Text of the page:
• Covered Employers: The regulations expand the definition of covered employer to include “successors in interest” of a covered employer and joint employers.
  • Definitions: The regulations revise the definitions of serious health condition, inpatient care, eligible employee, and spouse, among others.
  • Key Employee: The regulations revise the provisions regarding the refusal to reinstate a “key employee.”
  • Health Care Coverage: The regulations expand and clarify when and how an employer must maintain group health plan coverage for employees on CFRA leave.
  • Use of Paid Leave: The regulations clarify that an employee receiving any form of disability payments or Paid Family Leave insurance while on CFRA leave is not on an “unpaid leave” and thus cannot be required to use PTO, accrued vacation, or sick leave.
  • Fitness for Duty/Return to Work: The regulations discuss whether, when, and under what circumstance an employer may ask an employee to undergo a fitness-for-duty examination before returning to work.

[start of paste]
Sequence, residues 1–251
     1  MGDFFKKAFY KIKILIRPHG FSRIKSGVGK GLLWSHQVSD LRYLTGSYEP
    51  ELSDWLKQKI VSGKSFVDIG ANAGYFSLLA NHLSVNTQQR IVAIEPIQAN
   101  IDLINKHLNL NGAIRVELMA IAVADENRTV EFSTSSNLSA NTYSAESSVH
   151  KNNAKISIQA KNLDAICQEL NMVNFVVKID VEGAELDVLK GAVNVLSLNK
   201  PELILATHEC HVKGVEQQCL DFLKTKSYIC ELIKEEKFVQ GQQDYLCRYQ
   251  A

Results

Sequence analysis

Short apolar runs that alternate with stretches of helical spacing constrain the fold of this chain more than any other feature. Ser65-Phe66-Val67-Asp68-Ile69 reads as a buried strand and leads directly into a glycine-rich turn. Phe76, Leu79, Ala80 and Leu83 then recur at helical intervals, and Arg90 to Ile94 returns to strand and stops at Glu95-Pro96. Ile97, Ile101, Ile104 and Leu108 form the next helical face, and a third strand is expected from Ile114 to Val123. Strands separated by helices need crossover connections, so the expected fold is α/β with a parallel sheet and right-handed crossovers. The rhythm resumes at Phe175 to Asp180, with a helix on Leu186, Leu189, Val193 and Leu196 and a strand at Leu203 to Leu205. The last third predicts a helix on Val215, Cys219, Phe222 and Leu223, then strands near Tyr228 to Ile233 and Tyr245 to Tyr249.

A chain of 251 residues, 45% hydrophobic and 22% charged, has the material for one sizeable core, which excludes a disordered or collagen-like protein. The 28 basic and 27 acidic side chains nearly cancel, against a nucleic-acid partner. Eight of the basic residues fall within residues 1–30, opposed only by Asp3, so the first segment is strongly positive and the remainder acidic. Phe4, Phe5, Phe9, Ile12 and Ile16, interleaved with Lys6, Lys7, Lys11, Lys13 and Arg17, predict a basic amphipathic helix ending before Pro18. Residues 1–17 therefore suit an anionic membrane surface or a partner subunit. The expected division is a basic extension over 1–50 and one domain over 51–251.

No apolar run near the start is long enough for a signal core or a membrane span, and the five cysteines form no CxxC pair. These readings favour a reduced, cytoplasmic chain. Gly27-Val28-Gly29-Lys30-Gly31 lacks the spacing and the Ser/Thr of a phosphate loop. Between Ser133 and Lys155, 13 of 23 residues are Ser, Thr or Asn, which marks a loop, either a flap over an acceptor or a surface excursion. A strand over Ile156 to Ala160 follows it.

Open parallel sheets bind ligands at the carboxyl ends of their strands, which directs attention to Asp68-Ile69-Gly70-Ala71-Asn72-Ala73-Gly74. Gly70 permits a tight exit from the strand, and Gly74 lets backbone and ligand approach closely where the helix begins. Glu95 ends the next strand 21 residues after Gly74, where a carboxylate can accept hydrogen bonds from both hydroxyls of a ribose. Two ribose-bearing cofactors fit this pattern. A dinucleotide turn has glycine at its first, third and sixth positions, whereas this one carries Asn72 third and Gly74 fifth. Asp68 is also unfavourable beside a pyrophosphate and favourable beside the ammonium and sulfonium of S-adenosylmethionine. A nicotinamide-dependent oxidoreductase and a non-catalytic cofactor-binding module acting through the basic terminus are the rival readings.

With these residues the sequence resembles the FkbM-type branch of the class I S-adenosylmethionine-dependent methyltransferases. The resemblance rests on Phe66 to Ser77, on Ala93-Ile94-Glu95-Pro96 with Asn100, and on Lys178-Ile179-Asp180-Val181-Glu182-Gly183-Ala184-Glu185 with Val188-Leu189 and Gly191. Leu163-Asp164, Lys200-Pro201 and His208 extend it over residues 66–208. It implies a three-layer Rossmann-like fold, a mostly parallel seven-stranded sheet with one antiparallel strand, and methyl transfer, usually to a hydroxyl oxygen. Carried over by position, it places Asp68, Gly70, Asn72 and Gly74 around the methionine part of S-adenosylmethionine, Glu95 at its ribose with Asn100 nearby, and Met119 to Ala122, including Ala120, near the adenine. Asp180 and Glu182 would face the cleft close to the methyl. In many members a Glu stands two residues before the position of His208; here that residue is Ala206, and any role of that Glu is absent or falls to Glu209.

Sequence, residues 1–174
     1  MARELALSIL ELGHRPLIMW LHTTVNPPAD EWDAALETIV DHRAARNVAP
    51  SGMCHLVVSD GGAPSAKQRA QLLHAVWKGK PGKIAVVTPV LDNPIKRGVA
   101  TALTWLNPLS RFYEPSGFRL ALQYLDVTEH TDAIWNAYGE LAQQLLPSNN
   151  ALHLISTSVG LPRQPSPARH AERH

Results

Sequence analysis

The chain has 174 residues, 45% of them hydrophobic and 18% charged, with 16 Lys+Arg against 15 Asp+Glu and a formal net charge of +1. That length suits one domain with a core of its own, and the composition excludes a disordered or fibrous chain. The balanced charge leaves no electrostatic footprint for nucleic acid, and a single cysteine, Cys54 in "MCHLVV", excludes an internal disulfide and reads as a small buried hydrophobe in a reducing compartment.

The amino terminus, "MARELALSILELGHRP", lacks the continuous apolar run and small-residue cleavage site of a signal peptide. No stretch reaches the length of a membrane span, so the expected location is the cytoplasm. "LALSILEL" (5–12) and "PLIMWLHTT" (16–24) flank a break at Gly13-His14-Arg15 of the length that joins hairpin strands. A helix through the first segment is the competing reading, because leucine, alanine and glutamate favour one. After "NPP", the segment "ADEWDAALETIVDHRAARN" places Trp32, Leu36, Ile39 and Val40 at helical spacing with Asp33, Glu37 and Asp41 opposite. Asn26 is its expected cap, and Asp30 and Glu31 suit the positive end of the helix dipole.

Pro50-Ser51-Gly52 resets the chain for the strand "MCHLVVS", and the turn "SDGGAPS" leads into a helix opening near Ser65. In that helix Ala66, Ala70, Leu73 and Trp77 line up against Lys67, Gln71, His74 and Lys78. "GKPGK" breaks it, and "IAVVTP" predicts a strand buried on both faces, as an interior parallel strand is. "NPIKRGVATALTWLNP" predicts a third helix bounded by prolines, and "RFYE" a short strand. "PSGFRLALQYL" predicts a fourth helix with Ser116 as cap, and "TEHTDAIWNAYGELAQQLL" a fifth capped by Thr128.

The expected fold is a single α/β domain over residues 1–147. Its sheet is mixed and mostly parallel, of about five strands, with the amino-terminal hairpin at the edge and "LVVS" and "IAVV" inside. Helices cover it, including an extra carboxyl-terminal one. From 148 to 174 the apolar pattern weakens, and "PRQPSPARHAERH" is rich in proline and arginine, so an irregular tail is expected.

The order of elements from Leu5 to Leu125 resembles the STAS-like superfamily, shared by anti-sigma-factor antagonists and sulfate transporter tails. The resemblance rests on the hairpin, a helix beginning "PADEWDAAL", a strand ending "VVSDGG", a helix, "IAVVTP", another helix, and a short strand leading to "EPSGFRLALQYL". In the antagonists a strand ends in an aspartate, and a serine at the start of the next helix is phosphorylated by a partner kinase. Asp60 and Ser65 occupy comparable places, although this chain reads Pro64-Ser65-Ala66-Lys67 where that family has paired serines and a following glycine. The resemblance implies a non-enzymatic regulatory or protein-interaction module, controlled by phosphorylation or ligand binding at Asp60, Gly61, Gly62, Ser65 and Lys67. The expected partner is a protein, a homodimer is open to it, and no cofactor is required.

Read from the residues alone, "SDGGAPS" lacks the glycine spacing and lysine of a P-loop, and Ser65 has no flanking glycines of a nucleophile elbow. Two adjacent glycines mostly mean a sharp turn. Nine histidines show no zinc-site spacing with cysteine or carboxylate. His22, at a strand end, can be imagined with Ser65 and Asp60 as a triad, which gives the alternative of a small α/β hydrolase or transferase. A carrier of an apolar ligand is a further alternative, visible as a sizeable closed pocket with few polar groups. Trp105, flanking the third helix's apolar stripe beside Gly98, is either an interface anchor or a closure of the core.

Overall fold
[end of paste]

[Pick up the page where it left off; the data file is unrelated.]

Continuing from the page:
• Disability Leave: The regulations now explicitly state that if an employee has a serious health condition that also qualifies as a disability under California law and cannot return to work at the conclusion of their CFRA leave, the employer has an obligation to engage in the interactive process to determine whether an extension of the leave would qualify as a reasonable accommodation under FEHA.
  • Calculation of Leave and Intermittent Leave: The regulations expand and clarify how to calculate CFRA leave and the use of intermittent leave.
  • Posting and Notice Requirements: Employers must now respond to requests to take CFRA leave within five business days (up from 10 calendar days previously required). Employers must also post notices explaining CFRA in conspicuous places where they can be seen by employees and applicants for employment.